Genetic Counseling

School of Health and Human Sciences

Briana LubbenResponsibilities, Competencies, and Resources of Genetic Counselors in Managerial Positions
 
Capstone Project Committee: Beth Balkite, MS, CGC, Nancy Callanan, MS, CGC, Sat Gupta, PhD (Statistical Consultant), Leah Williams, MS, CGC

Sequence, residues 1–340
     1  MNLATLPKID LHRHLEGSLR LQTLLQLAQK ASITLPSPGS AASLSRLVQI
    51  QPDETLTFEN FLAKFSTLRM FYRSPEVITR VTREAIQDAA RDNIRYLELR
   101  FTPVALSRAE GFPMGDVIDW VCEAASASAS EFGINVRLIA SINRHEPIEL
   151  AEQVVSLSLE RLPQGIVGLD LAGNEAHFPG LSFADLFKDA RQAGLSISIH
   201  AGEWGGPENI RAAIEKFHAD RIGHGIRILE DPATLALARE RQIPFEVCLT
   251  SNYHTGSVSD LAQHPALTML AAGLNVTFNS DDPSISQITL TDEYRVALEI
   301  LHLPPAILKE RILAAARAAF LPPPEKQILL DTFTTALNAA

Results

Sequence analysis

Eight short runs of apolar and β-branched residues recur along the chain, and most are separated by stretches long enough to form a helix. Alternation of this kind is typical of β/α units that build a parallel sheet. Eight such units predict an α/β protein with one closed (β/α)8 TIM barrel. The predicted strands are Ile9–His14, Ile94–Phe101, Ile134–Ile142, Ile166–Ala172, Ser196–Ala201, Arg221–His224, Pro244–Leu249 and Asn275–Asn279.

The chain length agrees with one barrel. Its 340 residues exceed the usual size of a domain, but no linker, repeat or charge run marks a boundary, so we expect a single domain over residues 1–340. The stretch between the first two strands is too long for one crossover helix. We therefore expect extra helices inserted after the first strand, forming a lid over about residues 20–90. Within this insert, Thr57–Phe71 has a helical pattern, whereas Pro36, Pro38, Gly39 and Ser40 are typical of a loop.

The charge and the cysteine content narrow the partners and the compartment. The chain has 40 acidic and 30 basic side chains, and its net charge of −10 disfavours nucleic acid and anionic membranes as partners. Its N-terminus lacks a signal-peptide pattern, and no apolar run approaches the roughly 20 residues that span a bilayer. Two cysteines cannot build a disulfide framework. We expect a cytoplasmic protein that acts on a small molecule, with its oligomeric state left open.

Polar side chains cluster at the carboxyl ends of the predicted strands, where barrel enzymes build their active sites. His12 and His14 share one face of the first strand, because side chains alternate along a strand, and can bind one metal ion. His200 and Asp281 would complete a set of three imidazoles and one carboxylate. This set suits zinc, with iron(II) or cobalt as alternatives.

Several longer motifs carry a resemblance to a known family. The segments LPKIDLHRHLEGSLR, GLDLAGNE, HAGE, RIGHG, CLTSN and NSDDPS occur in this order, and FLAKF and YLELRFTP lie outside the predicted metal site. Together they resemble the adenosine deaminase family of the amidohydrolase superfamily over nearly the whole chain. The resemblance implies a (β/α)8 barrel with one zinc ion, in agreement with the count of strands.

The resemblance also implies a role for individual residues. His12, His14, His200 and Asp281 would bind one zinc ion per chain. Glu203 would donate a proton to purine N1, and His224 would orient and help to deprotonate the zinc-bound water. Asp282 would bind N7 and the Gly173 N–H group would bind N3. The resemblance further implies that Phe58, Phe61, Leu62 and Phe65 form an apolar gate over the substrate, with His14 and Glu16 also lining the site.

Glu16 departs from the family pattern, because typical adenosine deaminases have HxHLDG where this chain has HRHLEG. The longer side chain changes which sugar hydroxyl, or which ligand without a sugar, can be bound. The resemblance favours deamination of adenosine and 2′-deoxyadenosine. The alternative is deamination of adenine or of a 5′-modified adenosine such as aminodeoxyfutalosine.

Background: According to the Professional Status Survey produced by the NSGC, the number of genetic counselors that hold managerial positions has increased over the past 4 years. While genetic counselors continue to expand into managerial positions, little is known about the responsibilities, competencies, or resources of these genetic counselors in management positions.  Goals: The goals of this exploratory study were to 1) describe the responsibilities of genetic counselors in management positions; 2) evaluate the importance and frequency of use of Accreditation Council for Genetic Counseling (ACGC) Practice-Based Competencies (PBC) and select managerial competencies by genetic counselors in management positions; and 3) identify additional resources genetic counselors use to build their management skills.  We hypothesized that genetic counselors use the core competencies they already possess when they transition to management roles. Methods: Online anonymous survey methods and semi-structured telephone interview methods were used to survey genetic counselors self-identified as holding management positions. Results: The 113 genetic counselors in managerial positions who completed the survey rated all ACGC PBC and all given managerial competencies above a rating of 2 (with 3 being the highest), indicating they are important and frequently used in their current positions. Mentorship and personal communication with other managers was rated as being the most valuable resource to participants in gaining managerial skills. Although the majority (64%) of participants received on-the-job training in management skills, 83% would have liked additional resources and/or opportunities for management training prior to beginning their current managerial or supervisory position. Conclusions: Genetic counselors report using their genetic counseling skills in their current managerial position, although they desire more resources and training in the area of management. A special interest group (SIG) through the NSGC may be one way managers can connect with mentors, gather resources, and identify additional training opportunities.
 
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